[via The Hitavada]
Staff Reporter :
On Tuesday, the US-based University Network for Human Rights (University Network) released Waiting for the Flood: The Human Rights Impacts of India’s Sardar Sarovar Dam on Adivasi Communities along the Narmada River. The report based on weeks of visits to dam-affected areas and in-depth interviews with Adivasi communities living under imminent threat of inundation by the dam’s floodwaters documents, the human toll of the dam and failure of the government to meet its human rights obligations to meaningfully consult, adequately compensate, and rehabilitate the displaced and soon-to-be-displaced.
“We are extremely alarmed by the recent rapid rise of water levels in the Sardar Sarovar Reservoir and the Government’s insistence on filling the reservoir to its maximum level, even as tens of thousands of project-affected families have yet to be adequately rehabilitated,” said Ruhan Nagra, Executive Director of the University Network for Human Rights. The report urged to open the gates of the dam so that water levels recede to 122 meters until all project-affected families living within the 138-meter submergence mark have been identified, compensated, and resettled on terms to which they agree and in a manner consistent with India’s domestic and international legal obligations.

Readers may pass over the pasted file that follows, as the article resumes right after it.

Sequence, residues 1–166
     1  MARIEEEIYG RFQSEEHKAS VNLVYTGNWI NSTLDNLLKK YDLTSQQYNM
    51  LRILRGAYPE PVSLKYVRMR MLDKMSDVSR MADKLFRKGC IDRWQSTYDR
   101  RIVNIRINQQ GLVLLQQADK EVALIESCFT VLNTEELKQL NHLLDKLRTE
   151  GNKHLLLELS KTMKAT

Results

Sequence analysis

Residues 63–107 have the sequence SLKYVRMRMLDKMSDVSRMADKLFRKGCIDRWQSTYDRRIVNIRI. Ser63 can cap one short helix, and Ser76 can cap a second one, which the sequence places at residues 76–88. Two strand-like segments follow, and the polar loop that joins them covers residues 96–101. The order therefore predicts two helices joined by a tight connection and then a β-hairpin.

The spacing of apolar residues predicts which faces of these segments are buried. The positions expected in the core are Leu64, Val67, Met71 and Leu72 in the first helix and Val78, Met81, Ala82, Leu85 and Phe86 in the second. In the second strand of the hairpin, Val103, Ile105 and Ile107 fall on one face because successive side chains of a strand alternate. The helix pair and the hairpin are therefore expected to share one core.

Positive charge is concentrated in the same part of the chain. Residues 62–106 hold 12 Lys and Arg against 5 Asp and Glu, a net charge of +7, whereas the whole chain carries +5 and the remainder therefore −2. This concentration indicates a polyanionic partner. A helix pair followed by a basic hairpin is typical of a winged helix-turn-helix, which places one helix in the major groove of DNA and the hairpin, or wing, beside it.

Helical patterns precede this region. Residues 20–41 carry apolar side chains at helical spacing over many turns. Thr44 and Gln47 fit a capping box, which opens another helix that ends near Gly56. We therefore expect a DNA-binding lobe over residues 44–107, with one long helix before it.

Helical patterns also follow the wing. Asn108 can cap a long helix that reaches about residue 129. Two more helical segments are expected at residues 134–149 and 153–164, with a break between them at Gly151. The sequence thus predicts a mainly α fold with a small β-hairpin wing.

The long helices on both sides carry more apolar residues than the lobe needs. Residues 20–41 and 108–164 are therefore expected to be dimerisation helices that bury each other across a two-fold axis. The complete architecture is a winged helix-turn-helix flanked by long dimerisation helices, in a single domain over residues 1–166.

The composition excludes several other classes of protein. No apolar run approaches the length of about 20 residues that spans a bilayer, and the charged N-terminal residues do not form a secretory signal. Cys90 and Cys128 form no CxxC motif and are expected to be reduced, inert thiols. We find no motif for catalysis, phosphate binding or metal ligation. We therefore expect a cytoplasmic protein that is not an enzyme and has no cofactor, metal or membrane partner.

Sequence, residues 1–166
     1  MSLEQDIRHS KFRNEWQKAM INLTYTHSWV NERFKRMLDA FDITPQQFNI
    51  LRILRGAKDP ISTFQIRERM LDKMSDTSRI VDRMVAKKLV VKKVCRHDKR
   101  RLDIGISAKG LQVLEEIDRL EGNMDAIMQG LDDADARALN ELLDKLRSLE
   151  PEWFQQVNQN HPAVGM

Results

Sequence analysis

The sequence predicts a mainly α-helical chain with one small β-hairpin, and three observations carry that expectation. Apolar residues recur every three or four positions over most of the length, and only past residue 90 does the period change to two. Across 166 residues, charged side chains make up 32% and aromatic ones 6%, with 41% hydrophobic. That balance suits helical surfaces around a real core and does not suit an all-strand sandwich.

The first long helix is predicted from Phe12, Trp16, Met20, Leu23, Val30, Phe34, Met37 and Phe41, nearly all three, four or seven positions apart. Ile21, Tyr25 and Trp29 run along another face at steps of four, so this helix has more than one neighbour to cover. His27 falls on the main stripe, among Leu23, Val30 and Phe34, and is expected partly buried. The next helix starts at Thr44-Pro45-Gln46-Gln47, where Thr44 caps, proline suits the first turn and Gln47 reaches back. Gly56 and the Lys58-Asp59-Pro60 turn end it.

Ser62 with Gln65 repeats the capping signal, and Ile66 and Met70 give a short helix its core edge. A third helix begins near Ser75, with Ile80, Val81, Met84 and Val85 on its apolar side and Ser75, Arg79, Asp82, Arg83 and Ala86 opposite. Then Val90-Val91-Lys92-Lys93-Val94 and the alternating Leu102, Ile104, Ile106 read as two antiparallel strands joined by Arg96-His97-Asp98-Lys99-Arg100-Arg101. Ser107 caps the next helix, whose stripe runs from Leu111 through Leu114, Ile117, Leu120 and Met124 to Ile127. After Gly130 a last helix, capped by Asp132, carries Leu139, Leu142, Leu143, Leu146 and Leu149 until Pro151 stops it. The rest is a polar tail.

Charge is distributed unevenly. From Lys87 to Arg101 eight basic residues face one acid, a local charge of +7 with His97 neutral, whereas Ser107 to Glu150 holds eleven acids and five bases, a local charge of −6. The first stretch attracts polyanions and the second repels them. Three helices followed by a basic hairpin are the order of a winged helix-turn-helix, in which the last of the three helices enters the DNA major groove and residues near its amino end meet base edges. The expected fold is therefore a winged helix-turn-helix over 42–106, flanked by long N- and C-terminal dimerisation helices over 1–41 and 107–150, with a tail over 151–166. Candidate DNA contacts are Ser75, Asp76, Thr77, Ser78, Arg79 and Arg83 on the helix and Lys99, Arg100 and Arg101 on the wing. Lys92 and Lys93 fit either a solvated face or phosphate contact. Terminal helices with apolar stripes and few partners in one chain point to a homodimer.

Each of these patterns of abuse constitutes serious violations of the government’s obligations to Adivasi communities, under both its domestic legal regime and international human rights law. Government and dam officials used threats, harassment, and unmet promises of compensation to coerce scores of Adivasi families in the dam’s submergence zone to demolish their own homes in the summer of 2017. Many of these families were forced to live in makeshift shelters near the ruins of their former homes, unable to leave the submergence zone without land on which to build a new home., report claims .
“Forced evictions are a gross violation of human rights including the right to adequate housing. It is unspeakable that residents were required to demolish their own homes,” said Leilani Farha, the UN special rapporteur on the right to housing. In violation of commitments under the United Nations Declaration on the Rights of Indigenous Peoples (UNDRIP), government and dam officials have systematically failed to recognise the traditional land tenure of Adivasi communities in the dam’s submergence zone, leaving families who lack formal title to their ancestral farmland with no procedural recourse to demand compensation for its inundation. “Adivasi communities must be allowed to meaningfully participate in any decisions regarding the effects of the Sardar Sarovar Dam on their ancestral lands, as well as any relocation plans, should they occur, including the geographic site and the timing of relocation,” she stressed.